The latest details of the queen's "jump" from a helicopter during the Olympics opening ceremony and how the jump was kept secret even from the princes are being revealed.
The secrets are emerging as the latest 007 installment "Skyfall" is hitting movie theaters, recalling the role that the latest James Bond, Daniel Craig, played in the queen's Olympics entrance.
The "queen" who parachuted out of Bond's helicopter was actually dare devil stunt man Gary Connery. Connery told ABC News it was an "incredible experience to be asked to be involved in the Olympics ceremony is one thing, but then be asked to be entrance of the queen is something else and I didn't realize how much of a frenzy it would create afterwards."
The stunt man said he practiced jumps at night to keep the stunt under wraps.
"We had probably 10 jumps off site, so we went and did some low altitude jumps just dialing it in and realizing or understanding which would be the right helicopter to use not only from our perspective but of course it had to be one that the queen essentially can be seen to be traveling in. And then we did six test jumps on site, all late at night so the exposure was kept to a minimum. But it actually didn't get out. I was amazed that word didn't get out," he told ABC News.
It was such a closely guarded secret even the princes were kept in the dark. Prince Harry said his granny was an "unbelievably good sport" for agreeing to star alongside Craig.
"It was very special to be able to keep it a secret, because obviously it wouldn't have had the impact that it did have if people already knew it was going happen," Connery said.
A Buckingham Palace spokesman explained to ABC News how the sequence was made saying the queen was given a proposal outlining exactly how the sequence would play out during the ceremony and what it would look like. It was filmed on two separate occasions in March and April and took just one hour to complete. According to the palace her majesty managed it in one take.
Only two of her beloved corgis were used during the skit, 13-year-old Monty and 9-year-old Holly. The queen's real page who has been by her side for the past 20 years was filmed escorting Daniel Craig to her apartment and then through the palace.
As for the dress he was wearing, Connery said, "They wouldn't let me keep it. They wouldn't let me keep the parachute either."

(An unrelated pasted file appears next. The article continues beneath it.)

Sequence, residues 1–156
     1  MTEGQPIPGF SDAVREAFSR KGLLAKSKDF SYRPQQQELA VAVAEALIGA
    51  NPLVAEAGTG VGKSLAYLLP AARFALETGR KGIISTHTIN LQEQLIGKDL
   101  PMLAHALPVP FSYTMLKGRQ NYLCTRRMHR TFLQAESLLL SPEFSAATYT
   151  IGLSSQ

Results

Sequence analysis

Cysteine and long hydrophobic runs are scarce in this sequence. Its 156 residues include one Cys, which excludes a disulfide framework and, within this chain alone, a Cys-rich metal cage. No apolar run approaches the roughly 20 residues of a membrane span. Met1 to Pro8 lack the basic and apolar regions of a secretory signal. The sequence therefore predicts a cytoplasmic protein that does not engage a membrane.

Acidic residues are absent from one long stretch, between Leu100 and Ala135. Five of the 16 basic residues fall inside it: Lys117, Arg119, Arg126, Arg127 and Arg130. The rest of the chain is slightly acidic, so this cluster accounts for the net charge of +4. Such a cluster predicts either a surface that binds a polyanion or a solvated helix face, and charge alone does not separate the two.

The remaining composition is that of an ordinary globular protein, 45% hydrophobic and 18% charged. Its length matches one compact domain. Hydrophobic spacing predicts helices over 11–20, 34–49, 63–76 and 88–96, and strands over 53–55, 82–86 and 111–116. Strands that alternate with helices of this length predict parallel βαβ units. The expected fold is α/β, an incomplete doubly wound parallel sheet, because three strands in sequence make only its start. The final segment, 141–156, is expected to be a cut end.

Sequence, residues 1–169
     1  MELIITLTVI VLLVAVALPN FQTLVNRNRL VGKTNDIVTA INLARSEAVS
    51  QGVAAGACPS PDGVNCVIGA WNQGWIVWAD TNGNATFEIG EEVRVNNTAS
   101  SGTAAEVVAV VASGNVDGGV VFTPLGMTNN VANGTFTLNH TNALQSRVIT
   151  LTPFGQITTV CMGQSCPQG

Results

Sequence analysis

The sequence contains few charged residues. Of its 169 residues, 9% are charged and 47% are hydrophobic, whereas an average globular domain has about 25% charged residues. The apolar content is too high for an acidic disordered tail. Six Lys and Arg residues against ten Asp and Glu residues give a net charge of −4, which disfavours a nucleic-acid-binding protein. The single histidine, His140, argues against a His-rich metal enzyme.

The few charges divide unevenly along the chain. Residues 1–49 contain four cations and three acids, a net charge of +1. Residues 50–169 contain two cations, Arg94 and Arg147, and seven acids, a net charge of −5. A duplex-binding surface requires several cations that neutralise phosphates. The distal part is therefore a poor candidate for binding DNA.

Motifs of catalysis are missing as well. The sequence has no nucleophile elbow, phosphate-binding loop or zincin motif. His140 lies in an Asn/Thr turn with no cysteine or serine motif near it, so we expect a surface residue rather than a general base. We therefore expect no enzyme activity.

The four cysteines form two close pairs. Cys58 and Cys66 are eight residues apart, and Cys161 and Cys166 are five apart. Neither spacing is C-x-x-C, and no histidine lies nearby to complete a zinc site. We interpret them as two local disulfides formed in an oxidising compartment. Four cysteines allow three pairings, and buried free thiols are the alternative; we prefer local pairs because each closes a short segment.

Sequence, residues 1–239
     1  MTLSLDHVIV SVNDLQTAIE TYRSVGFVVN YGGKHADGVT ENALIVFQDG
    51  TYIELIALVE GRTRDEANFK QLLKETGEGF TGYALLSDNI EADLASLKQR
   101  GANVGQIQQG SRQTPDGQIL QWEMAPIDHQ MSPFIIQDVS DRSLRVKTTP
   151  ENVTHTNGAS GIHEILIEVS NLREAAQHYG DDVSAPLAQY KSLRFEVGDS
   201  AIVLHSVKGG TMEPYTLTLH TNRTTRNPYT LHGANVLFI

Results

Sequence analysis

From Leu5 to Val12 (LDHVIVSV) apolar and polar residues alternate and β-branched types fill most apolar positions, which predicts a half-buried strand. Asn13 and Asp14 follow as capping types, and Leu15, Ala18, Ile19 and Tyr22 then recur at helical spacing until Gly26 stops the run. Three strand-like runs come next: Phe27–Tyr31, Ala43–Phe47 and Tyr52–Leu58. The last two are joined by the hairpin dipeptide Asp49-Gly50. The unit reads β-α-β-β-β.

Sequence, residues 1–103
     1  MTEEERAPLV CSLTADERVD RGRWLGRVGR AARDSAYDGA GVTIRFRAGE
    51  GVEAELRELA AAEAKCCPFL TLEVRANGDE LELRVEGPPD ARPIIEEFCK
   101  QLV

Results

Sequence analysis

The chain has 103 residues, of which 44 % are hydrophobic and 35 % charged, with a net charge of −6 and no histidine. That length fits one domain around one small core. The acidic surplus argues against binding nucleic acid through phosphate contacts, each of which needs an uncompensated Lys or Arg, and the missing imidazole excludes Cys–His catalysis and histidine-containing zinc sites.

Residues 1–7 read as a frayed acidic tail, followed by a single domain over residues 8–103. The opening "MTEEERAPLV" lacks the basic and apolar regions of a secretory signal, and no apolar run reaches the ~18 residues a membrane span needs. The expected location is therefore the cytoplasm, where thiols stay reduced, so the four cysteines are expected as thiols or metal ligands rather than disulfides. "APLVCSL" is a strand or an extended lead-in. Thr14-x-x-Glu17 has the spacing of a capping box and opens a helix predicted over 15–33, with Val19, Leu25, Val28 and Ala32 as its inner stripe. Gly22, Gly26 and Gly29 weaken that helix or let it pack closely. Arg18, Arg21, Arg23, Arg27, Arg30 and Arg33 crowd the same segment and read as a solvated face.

"The only time I had my parachute on with the costume was either in a very secure room within the 3 mills studios, or it was actually on the night. So at no time did I jump at all with the costume other than the night itself," he said.
Her majesty, who was wearing an identical dress, looked immaculate in that now infamous peach cocktail number. But the making of the dress was also shrouded in secrecy.
In the book "Dressing the Queen: The Jubilee Wardrobe" penned by her majesty's dress maker, Angela Kelly explains that it took months of preparation to create two identical dresses, one for the monarch and the other for her stunt double. Kelly, who was working closely with director Danny Boyle who orchestrated the opening ceremonies, also says that Buckingham Palace had no idea why they were making identical outfits.
"The Buckingham Palace dressmakers worked quietly for months, never having both dresses out of storage at the same time," Kelly writes. "Even they did not know why two dresses were required for the same event."
Connery said that modifications were made on his dress so that leg straps could be incorporated on the inside of the costume rather than the outside.
"It would have made a mess of the outside," he said. " So that would have been a difference between mine and the queen's."
Even the choice of color played a role. The color was "fundamental," Kelly says, because the queen had to make an entrance and she had to stand out when she entered the Olympic stadium. But it also had to be a color that did not represent any of the participating Olympic nations. The result was a peach dress with a few embellishes including some lace detailing and beads with a pleated skirt.
Connery said that he did not meet either the queen or Daniel Craig, and their sketch was recorded a couple of months ahead of the Olympic ceremony.
"I am sure the queen is going to have me round for some tea and cakes sometime," he said. "I was thinking of knocking on her door and saying, 'Hi Queenie, and just want introduce myself. I am the guy who stunt doubled for you and will be your ever own stunt double' … I am the queen's only ever stunt double."
ABC News' Bruno Roeber contributed to this report